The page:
The Great Chicago Fire

Front Cover
University of Illinois Press, 1990 - History - 287 pages
3 Reviews
On October 8, 1871, four decades after its founding, Chicago's destiny was rewritten "with a pen of fire." In this imaginative and penetrating study, Ross Miller considers the mythic proportions of the Great Chicago Fire as the city reshaped its own tragedy into an archetype of the modern struggle against adversity.
Amid myriad eyewitness and photographic accounts of the fire, a consideration of what had actually happened was quickly subordinated to a developing narrative that attempted to resolve the city's conflicted identity into a unity. Disaster was recast as opportunity, and a period that began with catastrophic destruction ended in the triumph of the World's Columbian Exposition. Within a generation of the fire, Chicago became home to a radical new architecture, a daring new realistic fiction, literary journalism, and the new scientific study of society.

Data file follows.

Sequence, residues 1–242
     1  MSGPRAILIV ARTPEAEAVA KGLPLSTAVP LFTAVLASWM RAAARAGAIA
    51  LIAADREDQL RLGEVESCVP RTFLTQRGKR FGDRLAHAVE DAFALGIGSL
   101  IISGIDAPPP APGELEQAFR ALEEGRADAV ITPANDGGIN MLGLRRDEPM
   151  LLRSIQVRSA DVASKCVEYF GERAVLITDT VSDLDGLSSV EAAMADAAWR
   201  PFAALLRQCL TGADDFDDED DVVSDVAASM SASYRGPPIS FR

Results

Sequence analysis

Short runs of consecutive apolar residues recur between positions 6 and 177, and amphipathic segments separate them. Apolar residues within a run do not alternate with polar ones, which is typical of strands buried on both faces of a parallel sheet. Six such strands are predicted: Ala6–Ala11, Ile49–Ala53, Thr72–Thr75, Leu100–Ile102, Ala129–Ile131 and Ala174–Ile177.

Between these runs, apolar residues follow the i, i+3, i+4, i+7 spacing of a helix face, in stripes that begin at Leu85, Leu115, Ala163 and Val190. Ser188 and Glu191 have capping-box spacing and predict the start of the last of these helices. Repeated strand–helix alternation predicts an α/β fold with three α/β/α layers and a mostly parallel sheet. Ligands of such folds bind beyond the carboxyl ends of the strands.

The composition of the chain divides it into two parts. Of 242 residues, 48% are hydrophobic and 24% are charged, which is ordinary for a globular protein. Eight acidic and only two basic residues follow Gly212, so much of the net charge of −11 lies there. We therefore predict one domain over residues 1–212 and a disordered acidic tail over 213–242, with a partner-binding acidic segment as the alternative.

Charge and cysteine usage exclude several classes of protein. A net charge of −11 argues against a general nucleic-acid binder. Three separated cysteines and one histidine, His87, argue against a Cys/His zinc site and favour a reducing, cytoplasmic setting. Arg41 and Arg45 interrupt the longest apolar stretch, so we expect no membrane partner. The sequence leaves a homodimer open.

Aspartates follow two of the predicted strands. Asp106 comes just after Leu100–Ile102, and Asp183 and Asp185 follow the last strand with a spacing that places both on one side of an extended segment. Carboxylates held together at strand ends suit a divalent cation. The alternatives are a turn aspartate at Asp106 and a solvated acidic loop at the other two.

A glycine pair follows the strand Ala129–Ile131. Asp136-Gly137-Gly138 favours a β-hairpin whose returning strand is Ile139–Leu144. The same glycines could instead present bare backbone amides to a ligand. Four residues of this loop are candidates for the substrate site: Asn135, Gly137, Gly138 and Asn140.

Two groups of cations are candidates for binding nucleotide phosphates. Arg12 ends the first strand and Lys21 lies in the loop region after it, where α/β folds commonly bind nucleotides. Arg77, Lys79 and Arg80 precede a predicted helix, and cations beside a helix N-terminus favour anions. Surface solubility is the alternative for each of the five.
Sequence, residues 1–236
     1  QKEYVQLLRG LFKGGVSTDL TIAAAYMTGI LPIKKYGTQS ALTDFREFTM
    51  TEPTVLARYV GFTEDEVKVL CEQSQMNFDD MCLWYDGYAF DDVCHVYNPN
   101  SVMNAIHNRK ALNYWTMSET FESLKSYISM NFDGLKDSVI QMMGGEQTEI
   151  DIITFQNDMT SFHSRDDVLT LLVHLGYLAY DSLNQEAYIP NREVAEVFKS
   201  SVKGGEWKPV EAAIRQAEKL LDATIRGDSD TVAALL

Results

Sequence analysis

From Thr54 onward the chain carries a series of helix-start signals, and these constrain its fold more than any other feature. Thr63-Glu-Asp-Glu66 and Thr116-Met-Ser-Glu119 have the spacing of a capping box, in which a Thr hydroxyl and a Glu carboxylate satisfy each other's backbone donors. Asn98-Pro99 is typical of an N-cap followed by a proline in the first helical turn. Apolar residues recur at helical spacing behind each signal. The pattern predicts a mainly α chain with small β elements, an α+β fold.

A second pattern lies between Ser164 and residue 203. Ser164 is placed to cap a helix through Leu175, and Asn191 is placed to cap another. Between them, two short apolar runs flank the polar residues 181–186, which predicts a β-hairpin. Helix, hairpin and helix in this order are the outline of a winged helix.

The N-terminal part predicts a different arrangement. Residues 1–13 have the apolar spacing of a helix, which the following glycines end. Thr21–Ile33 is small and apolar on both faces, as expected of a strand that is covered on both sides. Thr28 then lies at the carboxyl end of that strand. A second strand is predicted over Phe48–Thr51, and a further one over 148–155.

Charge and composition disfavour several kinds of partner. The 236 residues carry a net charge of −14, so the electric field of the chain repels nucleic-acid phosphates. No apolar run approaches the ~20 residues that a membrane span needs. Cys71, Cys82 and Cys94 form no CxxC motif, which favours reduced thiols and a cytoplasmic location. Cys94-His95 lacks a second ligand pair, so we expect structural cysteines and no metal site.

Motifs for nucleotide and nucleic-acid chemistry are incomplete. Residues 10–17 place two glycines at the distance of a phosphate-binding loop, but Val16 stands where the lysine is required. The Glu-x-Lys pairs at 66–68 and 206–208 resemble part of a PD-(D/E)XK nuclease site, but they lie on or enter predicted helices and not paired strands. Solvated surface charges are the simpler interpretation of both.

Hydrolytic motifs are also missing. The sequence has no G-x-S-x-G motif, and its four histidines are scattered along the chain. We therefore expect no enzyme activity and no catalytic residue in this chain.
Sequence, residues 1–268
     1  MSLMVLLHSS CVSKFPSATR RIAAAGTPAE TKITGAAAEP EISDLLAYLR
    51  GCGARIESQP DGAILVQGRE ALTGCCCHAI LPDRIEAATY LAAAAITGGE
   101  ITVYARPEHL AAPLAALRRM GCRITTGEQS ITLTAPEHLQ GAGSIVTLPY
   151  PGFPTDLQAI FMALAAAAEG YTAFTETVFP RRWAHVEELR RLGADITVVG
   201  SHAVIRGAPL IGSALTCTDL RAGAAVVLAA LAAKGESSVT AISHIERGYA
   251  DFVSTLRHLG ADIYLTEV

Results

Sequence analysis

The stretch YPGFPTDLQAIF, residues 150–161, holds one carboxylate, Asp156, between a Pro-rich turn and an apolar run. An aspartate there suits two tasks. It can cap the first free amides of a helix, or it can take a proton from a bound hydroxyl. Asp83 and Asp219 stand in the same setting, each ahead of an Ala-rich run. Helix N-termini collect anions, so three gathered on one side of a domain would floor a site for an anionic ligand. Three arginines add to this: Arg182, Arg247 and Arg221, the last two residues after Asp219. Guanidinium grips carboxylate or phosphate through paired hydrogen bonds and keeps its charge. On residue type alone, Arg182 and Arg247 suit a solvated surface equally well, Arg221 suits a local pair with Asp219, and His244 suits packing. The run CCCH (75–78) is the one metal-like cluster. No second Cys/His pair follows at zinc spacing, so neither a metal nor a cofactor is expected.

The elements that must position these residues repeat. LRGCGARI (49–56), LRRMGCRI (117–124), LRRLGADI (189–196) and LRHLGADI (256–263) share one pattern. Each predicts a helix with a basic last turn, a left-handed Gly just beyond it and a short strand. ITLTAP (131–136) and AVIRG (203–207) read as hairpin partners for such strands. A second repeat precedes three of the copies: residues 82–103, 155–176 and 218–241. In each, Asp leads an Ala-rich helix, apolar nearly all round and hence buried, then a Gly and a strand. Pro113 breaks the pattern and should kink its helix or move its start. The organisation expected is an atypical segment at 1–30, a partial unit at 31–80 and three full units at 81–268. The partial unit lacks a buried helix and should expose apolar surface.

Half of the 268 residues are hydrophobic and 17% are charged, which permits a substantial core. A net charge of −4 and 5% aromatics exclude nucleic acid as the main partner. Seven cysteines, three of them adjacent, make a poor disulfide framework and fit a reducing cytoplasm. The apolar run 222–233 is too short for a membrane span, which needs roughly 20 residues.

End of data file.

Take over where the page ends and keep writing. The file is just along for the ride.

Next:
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Review: The Great Chicago Fire

User Review  - Kristy - Goodreads

Come for the info, stay for the abundance of pictures. A difficult read, but great for reference. Read full review


2Reluctant Modernism
3Derrick Time
The Fire as Image
The Shanty and the Skyscraper
6Wrights Piano
7Chicago Black and White
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About the author (1990)

Ross Miller is a professor in the Department of English and the Program in Comparative Literature at the University of Connecticut at Storrs.

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